arget each individual channel I can choose from a drop down menu, and I could go to my Red Channel. And here's how you can go ahead and adjust colors individually. Overall, if you're not very savvy with color adjustment, super simple things to think about or no when you get into color adjusting here with my adjustment panel. This is my highlight slider. This is my shadow slider and paying attention to my hissed a gram in here I can take and Aiken slide my highlights lighter in until my information begins to build and my shadow slider is already there. Where there's information, this is creating contrast, and in doing this, this is called per channel contrast because I'm actually going in and doing this perch handle. You'll see when I go in and I do any color adjustment here. Think of this as a light switch. So when you walk into a room, if you want light, you're going to go ahead and use the highlight button. And as you're using your highlight button, I think this is a light switch. I'm going to get more of the color of the channel that I'm on. If I would like to get less of that color of the channel that I'm on a use my shadow slider, and it will begin to take away that color, and it will begin to reveal the other channels of color. So in the Red Channel, if I'd like more red, I'm going to use my highlights lighter, which will give me more red in the shadow slider, which will take away the red overall. Now, this may look a little bit funny while we're doing this adjusting, but keep in mind that we're doing each channel separately. So in the end, we're going to get a much more pleasing look and color. But we have to go through all of the channels. If you're into shortcuts. Shortcuts here option to to get back to the composite Option three option for an option five to go through. If I go to my green channels, you can see that I can adjust my greens and Aiken really take out the greens here, and I can go ahead and add more green to this as well, and you'll see how this image starts to become a lot more contrast based on just targeting the channels. And I could go in and take out a whole lot more blue, which makes it very yellow. Do a little bit of that. Bring that in a little bit. And overall, I've got a much more contrast looking image, and I can see that by turning on and turning off my adjustment layer here. So this is really basic adjustment, just using the per channel contrast, just getting the highlights in the shadows. But I'd like to take this a little bit further here because in my image I have some certain areas that I'd like to target. I'm on my Blue Channel, and I'd like to go in and target specific blues in here. So going into my adjustment layer, if I go in, where do I pull on this ramp here to go ahead and effect certain blues to give Mawr less blue? Well, if I click on what's called Little Finger scrubby, the finger scrubby is That's what is called. It's called the fingers crabby. Laugh all you want. It is the finger scrubby. So if I click on my finger scrubby and hover my cursor over my image, you'll see that there will be a corresponding circle jumping around on my curves ramp right there. And this is where I could target the specific curves to do the most amount of adjustment in this channel. If I click directly on a location in my image, I can get my little finger scrubby, and I can drag up and down directly on my image. In order to adjust that location, you'll see that it's doing everything overall in the curves ramp because it is attached to the curve. So it's affecting everything overall, if we would like it to affect less, I could pull up in one area and then kind of flatten out my curves ramp a little bit more to do less adjustment. Overall again, this is just really simple color adjustment, just targeting each and every individual channel. So there's my blue channel. There's my green channel. I may want to target some of the green in the ocean here. I'd like to add mawr or take it out. Once you click on the fingers, Krabi, it stays depressed. Not that it's depressed. It's just on. Once I click on this finger, scrubby, I can go up and down on my image and a little goes a long way. So it's not like you're going to go in there and jump up and down on this. You can just go a little bit more and I can just move it fractional amounts, and that's going to allow me to adjust it pretty quickly and easily directly on the image. I see a little bit of pink in the clouds here. I just want to take a little bit of that out. Click on that. I can drag that down, take a little bit out of the clouds right there. So really quick color adjustment. That's what it is. We've got classes on color adjustment. In fact, I have classes on color adjustment. But this was just a really quick way to go. Win and target those areas overall to get some just really quick adjustment via channels. Now, if we go in and we're adjusting images that have been converted to see M y que, which we don't usually work in, But every once in a while we will have images that somebody has converted to see M y que you're gonna have four channels to deal with because you're gonna have your sigh in magenta yellow and black channels. RGB We only have the three. We don't normally a Justin cm like a but every once in a while that happens. So going back to our channels panel here, everything is gonna look the same. We still have our red or green and our blue channels. Everything's looking good. We can turn those off, and these are our post adjustment channels. Look pretty much the same. One quick word of advice when you're working in channels and you click through them. Always make sure you go back and click on your composite Channel because if not certain things won't work, you won't. You find certain things on adjusting correctly because you got to be on your composite in order to be able to go through and use everything that you want to dio. So really simple color adjustment just going in and targeting your channels, and you can do this via curves, and I'll show you real quick if we do this via levels. If I go and do a levels adjustment layer, you have the same adjustments here. You also have your red, green and blue, and they work very much the same. Weaken do our sliders for highlights are mid tones right there on our shadows. We don't have our little finger scrubby because we don't have a curves ramp. So this is a little bit more simplistic and what we're doing, but we can just grab those and do some very basic and quick adjustments with our channels and work on that, to be able to dial those things that really quick, but there they all are right there.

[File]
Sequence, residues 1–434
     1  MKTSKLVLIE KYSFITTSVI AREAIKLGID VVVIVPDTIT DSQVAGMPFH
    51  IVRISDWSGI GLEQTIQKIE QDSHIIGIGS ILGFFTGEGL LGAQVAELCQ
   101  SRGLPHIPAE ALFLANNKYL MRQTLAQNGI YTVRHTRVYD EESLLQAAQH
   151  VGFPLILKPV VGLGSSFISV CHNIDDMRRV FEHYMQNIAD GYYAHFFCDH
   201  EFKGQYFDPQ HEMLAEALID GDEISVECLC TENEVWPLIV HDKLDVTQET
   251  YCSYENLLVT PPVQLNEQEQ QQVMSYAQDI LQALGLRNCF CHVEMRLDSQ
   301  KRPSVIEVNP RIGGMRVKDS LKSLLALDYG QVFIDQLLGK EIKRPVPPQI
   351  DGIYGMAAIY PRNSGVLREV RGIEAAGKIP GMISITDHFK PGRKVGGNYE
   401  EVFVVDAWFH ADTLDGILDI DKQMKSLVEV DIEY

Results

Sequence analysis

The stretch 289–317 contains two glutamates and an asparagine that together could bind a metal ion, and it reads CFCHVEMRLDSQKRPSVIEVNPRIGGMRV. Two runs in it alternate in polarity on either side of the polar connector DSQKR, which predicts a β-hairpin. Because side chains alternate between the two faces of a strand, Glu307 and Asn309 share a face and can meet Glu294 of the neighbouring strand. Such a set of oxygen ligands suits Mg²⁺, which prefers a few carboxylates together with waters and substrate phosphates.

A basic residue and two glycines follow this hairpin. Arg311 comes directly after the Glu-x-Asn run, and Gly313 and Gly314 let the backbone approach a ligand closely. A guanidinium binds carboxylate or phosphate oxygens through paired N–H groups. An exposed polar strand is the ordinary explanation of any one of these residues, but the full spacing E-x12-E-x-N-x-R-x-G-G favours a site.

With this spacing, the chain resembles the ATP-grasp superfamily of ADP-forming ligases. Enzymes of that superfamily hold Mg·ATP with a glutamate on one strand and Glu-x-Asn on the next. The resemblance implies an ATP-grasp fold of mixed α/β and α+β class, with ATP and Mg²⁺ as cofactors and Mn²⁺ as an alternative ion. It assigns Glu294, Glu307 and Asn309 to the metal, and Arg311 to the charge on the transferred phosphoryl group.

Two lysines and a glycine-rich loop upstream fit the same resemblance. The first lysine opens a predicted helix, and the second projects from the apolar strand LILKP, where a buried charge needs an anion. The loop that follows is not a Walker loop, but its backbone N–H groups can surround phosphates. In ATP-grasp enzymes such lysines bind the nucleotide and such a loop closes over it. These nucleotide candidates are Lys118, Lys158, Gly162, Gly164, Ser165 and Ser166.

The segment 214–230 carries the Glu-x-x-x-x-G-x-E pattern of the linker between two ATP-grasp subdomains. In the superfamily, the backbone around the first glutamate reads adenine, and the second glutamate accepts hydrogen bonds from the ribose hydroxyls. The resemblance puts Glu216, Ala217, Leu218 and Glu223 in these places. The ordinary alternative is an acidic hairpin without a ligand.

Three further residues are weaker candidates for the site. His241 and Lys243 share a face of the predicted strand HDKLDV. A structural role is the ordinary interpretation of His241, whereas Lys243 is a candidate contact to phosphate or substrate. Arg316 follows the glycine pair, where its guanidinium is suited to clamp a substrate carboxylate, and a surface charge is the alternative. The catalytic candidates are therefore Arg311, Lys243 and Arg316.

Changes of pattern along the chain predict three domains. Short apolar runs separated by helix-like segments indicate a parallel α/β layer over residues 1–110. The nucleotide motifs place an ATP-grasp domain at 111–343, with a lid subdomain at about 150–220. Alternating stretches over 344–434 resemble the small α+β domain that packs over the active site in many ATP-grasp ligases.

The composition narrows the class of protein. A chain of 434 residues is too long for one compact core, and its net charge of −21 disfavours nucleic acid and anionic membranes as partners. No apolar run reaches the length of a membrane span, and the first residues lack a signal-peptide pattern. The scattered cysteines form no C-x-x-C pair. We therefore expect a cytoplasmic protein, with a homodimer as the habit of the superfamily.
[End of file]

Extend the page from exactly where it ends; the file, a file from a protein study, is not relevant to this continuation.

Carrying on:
Class Description

Channels are a hidden yet incredible way to make extremely accurate selections for color correction as well as a way of isolating images for background removal. Jason Hoppe will walk through how to make the most of them in a variety of scenarios, including how they can be used in creating high-contrast B&W images quickly and easily. He'll show how for hard to select areas such as hair, channels make it much easier to isolate and remove subjects from a background without using the traditional selection tools. He'll also show how to get a more effective color correction and adjustment workflow by isolating your color channels.



Software Used: Adobe Photoshop CC 2017